Now that Arnold Schwarzenegger has completed his term in office, the former California governor is hitting the speech circuit.
His first formal public speaking engagements are scheduled for Canada later this month, with stops in Calgary, Winnipeg, Toronto, and Montreal.
Schwarzenegger, 63, will talk about green technologies and about his career in politics, movies, and bodybuilding.
“Arnold Schwarzenegger is a truly iconic global figure with an incredible life story,” conference organizer tinePublic Inc. said in a press release. “Canadian audiences will be the first to be inspired by this truly amazing story.”
On Jan. 27 in Montreal, the former actor will give a speech titled “Will innovation and green technologies save the global economy?”
“After Bill Clinton, Tony Blair, George W. Bush, Alan Greenspan, and Sir Richard Branson, we are proud to welcome Mr. Arnold Schwarzenegger to our forum,” Michel Leblanc, president and CEO of the Board of Trade Metropolitan Montreal, said in a release.
“From his experience in American politics to his efforts combating climate change, Schwarzenegger incarnates openness to change and the boldness of innovative solutions,” added Leblanc.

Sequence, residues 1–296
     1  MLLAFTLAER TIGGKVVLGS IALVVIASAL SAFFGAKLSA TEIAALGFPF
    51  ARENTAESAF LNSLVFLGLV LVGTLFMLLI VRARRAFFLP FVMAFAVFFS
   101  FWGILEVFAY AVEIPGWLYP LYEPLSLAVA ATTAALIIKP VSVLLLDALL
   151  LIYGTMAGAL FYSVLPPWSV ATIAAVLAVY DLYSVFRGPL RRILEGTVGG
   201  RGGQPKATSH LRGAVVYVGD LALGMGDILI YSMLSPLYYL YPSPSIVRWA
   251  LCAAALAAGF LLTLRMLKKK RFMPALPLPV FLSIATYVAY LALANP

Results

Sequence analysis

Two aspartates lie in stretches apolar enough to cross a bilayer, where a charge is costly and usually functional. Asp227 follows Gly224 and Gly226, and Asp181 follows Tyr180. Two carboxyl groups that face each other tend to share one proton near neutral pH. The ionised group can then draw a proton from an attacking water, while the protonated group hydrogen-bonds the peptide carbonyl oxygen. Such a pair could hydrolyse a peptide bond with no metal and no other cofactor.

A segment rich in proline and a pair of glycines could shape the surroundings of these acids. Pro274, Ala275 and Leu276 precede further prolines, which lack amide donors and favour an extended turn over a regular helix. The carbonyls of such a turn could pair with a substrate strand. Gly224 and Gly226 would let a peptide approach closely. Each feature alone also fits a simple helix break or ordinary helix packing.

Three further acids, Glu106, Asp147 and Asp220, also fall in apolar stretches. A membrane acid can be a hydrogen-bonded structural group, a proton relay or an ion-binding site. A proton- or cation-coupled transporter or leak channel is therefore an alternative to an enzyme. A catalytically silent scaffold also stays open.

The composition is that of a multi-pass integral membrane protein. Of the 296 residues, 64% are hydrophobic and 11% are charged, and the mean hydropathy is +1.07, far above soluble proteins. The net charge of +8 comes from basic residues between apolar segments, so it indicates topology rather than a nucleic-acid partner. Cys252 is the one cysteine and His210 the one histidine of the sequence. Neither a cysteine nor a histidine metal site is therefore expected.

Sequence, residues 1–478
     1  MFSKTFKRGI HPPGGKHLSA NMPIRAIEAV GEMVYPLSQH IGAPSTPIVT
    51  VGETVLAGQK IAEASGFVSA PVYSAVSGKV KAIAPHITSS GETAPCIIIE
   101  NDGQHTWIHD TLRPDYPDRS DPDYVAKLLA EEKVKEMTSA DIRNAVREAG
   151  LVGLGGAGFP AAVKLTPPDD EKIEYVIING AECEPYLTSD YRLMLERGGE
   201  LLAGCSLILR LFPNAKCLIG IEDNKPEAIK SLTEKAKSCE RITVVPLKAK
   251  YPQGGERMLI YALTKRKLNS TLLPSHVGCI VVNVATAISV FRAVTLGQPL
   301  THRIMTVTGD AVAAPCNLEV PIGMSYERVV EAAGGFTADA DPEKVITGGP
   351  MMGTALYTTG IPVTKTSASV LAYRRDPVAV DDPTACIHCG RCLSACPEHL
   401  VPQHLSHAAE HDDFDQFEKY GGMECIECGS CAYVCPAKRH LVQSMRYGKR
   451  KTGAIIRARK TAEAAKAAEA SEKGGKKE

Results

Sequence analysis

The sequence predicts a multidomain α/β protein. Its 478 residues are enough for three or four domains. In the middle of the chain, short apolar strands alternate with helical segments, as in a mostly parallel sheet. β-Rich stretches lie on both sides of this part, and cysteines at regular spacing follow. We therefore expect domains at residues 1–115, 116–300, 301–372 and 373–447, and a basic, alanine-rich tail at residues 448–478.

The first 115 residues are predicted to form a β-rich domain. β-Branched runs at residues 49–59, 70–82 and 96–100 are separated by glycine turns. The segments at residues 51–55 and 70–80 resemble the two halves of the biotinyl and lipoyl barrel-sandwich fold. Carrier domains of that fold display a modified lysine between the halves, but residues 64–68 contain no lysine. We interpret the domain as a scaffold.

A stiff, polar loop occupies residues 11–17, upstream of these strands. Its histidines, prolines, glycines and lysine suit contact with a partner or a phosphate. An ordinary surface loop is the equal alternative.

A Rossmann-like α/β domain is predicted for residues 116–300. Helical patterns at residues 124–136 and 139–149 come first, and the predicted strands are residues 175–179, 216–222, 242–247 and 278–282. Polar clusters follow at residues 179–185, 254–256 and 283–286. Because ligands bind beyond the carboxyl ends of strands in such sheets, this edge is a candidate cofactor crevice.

Ticket prices for the Montreal talk range between $275 and $1,200.
When Schwarzenegger, who left office on Jan. 3, first arrived in the U.S. from Austria as a young man he owned little else but his gym bag. He went on to become a world-famous bodybuilder, winning seven Mr. Olympia titles and a Mr. Universe championship.
He then turned to acting, and became famous for his roles in movies such as “The Terminator” series, “The Last Action Hero,” and “Total Recall.”
He left his acting career for politics, becoming the 38th governor of California in 2003. However, while in office, he played cameos in “The Expendables” and “Terminator Salvation,” according to Contactmusic.com.
In a recent interview with Variety, Schwarzenegger said a return to acting was just one of the many things he could do after he steps down as governor.
However, he scotched rumours that he is set to take the helm as chief of the Motion Picture Association of America.